Tuesday, July 21, 2009

Black Raspberry Rhapsody

I started picking black raspberries on July 6th. I put a cup of them into a jar with apple cider vinegar. I filled the jar with the next picking and then began a jar of black raspberry liquor.

Every day or so I pick more black raspberries. Sometimes I eat them out of hand or over granola or in a shortcake (my husband loves them in a shortcake). I asked my neighbors if I could pick theirs and they said yes. Their patch is the progenitor of mine. Canes leaned over the fence between us. When they struck earth on my side, they started a new plant. Up in the kitchen garden last year I had ten tomato plants and at the end of the summer I had ten black raspberry plants started in amongst them. I moved them to the main garden to keep company with the others that had come over the fence.

A cup or two of black raspberries can enhance many things besides vinegar and vodka. I made some mango black raspberry sauce for winter waffles. I added some to my rumtopf. I made a fruit cocktail with mangoes, white nectarines, black raspberries and a navel orange. I kept one picking in the fridge and with the next picking I had enough to make 4 jars of black raspberry jam.

When I was a child, my favorite ice cream was black raspberry. Crystal Springs Dairy's soft ice cream stand had it on alternate Thursdays in the summer and I ate it all summer long.

I don't have the same love affair with red raspberries. They don't have the depth of flavor, the depth of colour, that black raspberries impart to things. I did have access to a wonderful red raspberry patch in Nova Scotia. They would start to produce the week before my son's birthday at the end of July and loved having red raspberry shortcake as his birthday cake. I even got enough raspberries for a gallon or two of wine.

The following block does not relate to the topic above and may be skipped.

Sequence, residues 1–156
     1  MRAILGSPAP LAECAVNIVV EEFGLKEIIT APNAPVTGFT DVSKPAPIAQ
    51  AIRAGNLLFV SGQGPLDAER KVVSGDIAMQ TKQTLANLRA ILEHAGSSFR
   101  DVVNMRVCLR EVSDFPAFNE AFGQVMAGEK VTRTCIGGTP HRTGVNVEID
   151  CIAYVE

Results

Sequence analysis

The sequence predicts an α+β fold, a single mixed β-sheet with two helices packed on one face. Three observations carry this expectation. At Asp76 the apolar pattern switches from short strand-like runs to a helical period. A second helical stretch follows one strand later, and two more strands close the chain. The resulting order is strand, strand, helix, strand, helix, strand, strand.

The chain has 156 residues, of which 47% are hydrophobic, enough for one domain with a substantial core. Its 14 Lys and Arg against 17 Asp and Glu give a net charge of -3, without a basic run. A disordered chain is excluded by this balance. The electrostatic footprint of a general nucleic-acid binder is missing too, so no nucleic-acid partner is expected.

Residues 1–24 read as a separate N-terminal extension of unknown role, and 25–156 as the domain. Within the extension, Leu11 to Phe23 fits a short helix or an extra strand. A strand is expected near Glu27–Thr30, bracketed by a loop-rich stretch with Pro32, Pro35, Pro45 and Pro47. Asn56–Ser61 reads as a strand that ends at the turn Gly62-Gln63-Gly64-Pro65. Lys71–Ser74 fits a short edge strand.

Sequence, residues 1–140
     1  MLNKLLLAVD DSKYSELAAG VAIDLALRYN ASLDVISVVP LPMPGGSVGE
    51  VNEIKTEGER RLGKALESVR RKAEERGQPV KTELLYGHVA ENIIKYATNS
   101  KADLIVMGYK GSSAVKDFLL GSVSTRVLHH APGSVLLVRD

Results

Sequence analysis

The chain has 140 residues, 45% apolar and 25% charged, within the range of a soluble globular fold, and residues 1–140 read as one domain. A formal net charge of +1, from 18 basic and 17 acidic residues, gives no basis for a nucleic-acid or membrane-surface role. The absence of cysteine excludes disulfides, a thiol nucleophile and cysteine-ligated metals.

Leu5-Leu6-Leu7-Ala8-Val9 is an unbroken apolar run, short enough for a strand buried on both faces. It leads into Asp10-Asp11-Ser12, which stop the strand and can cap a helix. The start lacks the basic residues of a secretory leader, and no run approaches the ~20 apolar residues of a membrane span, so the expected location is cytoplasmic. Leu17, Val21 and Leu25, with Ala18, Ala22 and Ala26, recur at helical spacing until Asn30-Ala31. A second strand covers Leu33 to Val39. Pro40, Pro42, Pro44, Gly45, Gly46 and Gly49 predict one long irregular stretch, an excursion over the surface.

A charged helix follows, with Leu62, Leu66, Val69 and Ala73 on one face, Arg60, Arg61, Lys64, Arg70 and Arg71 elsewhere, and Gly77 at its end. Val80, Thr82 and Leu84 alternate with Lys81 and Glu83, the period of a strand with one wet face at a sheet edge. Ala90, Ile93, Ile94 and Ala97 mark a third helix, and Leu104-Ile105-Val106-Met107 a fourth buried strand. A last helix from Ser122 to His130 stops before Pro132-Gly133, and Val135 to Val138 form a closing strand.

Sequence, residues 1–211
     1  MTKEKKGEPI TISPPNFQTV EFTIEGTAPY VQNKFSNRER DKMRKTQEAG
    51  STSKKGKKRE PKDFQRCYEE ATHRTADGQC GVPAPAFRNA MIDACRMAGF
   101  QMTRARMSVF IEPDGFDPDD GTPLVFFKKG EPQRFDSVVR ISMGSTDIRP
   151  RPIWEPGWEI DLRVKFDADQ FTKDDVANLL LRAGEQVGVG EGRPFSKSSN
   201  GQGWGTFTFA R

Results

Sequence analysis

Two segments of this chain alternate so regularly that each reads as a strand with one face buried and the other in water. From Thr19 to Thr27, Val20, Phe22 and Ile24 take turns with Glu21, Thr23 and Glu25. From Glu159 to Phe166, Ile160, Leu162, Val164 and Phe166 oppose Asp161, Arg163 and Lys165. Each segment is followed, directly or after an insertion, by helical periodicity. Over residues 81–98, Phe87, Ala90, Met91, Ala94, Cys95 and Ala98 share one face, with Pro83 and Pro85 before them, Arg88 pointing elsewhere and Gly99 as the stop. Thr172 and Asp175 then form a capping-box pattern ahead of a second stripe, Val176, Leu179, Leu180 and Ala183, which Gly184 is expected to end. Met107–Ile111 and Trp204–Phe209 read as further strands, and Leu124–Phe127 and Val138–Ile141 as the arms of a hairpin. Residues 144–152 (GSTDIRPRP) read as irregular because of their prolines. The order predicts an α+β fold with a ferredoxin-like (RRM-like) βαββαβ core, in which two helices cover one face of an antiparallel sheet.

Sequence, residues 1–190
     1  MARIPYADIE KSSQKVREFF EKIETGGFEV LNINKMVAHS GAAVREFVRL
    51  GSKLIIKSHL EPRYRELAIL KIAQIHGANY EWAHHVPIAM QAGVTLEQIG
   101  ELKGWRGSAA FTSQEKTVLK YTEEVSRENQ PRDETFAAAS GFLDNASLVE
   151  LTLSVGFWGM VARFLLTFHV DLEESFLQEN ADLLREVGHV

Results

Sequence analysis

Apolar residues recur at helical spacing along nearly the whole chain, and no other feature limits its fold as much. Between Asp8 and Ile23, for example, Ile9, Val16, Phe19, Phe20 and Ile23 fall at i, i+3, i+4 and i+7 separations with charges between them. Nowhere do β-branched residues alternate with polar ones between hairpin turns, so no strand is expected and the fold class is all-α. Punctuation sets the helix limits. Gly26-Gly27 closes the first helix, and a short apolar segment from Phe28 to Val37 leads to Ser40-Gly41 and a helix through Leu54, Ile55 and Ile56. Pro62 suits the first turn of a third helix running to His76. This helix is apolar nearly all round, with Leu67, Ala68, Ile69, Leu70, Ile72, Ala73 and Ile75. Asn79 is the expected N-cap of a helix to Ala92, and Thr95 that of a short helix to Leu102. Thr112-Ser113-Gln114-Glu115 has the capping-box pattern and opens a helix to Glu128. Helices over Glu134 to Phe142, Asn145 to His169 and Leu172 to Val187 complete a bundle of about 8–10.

I started a red raspberry patch here in southern Ontario. My neighbor gave me some canes. But they're not the best. They heartily put energy into propagating by root extensions, but produce few seeds (and the berries that surround them). This summer they showed hearty blossoms, but most produced fruit of maybe three seeds or less. I cut them all down, bundled them up as green waste. Soon I'll have all the roots dug up. I left the red raspberries that are producing fruit. They can spread if they want -- but they'll have to compete with the black raspberries I'll be putting in.

The harvest is noticeably diminishing in the black raspberry patch. But today I noticed a few new canes had blossoms on them. They did that last year too. And in another month I'll have another black raspberry harvest...

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